Phooey on Clean Slates

I very intentionally did not write a New Year’s post all rah-rah about starting over and really getting moving on your writing. It probably reveals a deep character flaw, but that kind of talk makes me feel tired, especially in January.

I love New Year’s Eve, even though I don’t go in for whopping big celebrations. For several years I’ve partied at my sister’s house, dancing with her kids and eating her annual cheese fondue supper. It’s festive, it’s fun and it’s enough. Knowing that New Year’s Eve marks the final yahoo! of the holidays is a downer if I get to thinking about it, so I try not to think about it. I also have stopped making lists of resolutions. At my sister’s wingding, we did take a few moments to write down things we’d like to see happen in the coming year, but that’s as close as I come to resolutions now.

When the new year arrives, we run outside to blow horns and bang pans to scare away the evil spirits. We listen to the echoing fireworks and car horns; sometimes there’s even a bugler playing “Auld Lang Syne” in the darkened yard of a house up the street. Then the echoes die away, and my shoulders slump a bit as I turn to face the newly arrived year. It feels so empty. January stretches out in front of me, sterile and cold as an expanse of ice or a slab at the morgue.

Some people really rally around the concept of the clean slate, the fresh start. I like to regroup, reconsider options, reorder priorities—but those all work with existing things, not starting from scratch. “Clean slate” means wiping the board clear. Sometimes there are very good things on that slate I don’t want to lose.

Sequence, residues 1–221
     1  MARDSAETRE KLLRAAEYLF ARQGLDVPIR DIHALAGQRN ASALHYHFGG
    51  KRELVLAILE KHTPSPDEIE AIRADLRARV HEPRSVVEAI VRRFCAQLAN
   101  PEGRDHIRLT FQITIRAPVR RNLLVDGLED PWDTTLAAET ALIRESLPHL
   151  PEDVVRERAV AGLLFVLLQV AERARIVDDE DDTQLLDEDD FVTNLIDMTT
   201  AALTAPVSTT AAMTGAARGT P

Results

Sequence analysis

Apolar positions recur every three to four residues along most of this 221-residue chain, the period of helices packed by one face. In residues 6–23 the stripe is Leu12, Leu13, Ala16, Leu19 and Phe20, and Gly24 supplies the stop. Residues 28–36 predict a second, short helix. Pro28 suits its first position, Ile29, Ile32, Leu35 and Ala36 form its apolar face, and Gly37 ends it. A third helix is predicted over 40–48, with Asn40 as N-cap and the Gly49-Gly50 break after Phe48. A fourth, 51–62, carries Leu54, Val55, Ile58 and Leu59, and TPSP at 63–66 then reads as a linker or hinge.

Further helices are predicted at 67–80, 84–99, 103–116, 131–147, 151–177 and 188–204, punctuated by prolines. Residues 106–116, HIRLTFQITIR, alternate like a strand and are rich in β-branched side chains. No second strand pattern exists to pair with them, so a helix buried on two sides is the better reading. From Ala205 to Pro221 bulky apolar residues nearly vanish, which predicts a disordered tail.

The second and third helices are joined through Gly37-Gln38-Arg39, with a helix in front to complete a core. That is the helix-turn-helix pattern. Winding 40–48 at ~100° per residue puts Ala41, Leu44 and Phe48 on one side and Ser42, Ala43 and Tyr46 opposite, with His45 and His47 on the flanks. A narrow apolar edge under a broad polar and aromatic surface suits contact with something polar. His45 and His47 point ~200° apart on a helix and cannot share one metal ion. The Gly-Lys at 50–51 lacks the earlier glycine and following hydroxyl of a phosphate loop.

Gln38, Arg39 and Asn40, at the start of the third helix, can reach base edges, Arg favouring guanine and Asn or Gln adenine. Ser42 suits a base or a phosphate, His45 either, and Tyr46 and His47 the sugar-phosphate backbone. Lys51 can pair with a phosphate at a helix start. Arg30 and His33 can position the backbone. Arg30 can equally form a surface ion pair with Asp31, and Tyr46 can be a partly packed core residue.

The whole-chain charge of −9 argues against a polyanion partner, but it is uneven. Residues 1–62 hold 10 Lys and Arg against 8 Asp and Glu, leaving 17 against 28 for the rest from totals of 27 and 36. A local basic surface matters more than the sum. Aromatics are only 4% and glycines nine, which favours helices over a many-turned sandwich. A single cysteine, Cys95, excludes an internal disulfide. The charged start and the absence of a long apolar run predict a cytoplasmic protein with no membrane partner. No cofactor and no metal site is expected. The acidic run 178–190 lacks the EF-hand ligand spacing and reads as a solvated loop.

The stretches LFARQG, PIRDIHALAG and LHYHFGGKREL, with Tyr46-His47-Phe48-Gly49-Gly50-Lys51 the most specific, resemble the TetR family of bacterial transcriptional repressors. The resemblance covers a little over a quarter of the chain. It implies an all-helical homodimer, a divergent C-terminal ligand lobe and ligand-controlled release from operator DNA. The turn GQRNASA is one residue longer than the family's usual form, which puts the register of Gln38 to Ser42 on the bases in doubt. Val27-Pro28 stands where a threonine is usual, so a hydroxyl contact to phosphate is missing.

On “Antiques Roadshow,” the appraisers often discuss patina—a thin layer of something that builds on the surface of an object. On copper, it’s oxidation or even an applied finish. On furniture, it could be simply grime that has accumulated over time. Viewers are warned over and over not to remove the patina from an object; it results in decreased value and is equivalent to damaging a piece. Often furniture experts the Keno brothers praise the grime as proof of a piece’s age and use and as a prized aspect of the piece’s finish.

I guess when I think of a fresh start, especially when it comes to writing, I envision removing valuable patina. It’s not so much a coating as ingrained experience, seasoning, views and techniques shaped through hard work that have become a part of us. Certainly it’s good to start over—”regroup,” as I said above; and not everyone views a fresh start as discarding everything that came before.

Writers, though, especially inexperienced writers and especially on January 1, often set themselves before a blank page, so to speak, holding a starter pistol in one hand and a pen in the other. If that approach works for you, more power to you. I think a more constructive approach would be to pick several unfinished poems or poems that need revising, and ease into the new year revising projects carried over from the previous year. Even if those works are un-salvageable overall, they may yield ideas, lines or images for new, better poems.

If you’re working productively as you attack your writing resolutions for 2011, good for you! Keep writing. If you’re already feeling discouraged or unmotivated, maybe you should put away that clean slate. Get out the messy stuff you need to reorganize, rework, reconsider. Appreciate the patina.

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2 Responses to Phooey on Clean Slates

  1. Shannon B. says:

    I love the idea of a life have patina! I have to admit I’m one of the rah rah clean slate types, but I still love the idea of some good stuff lingering on the surface in the new year.

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